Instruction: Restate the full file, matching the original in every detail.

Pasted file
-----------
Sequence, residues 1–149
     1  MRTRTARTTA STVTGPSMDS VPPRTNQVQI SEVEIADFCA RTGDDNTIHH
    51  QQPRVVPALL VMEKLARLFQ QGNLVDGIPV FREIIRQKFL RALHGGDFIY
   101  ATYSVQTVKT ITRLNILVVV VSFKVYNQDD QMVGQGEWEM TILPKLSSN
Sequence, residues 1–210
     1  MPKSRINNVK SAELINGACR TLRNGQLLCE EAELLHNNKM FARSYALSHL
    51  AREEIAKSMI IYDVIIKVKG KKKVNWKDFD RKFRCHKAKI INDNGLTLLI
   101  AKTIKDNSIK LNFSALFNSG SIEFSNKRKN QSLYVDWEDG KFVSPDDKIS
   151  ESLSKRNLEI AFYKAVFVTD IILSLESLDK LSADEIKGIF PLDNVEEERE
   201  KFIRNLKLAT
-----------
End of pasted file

Sequence, residues 1–149
     1  MRTRTARTTA STVTGPSMDS VPPRTNQVQI SEVEIADFCA RTGDDNTIHH
    51  QQPRVVPALL VMEKLARLFQ QGNLVDGIPV FREIIRQKFL RALHGGDFIY
   101  ATYSVQTVKT ITRLNILVVV VSFKVYNQDD QMVGQGEWEM TILPKLSSN
Sequence, residues 1–210
     1  MPKSRINNVK SAELINGACR TLRNGQLLCE EAELLHNNKM FARSYALSHL
    51  AREEIAKSMI IYDVIIKVKG KKKVNWKDFD RKFRCHKAKI INDNGLTLLI
   101  AKTIKDNSIK LNFSALFNSG SIEFSNKRKN QSLYVDWEDG KFVSPDDKIS
   151  ESLSKRNLEI AFYKAVFVTD IILSLESLDK LSADEIKGIF PLDNVEEERE
   201  KFIRNLKLAT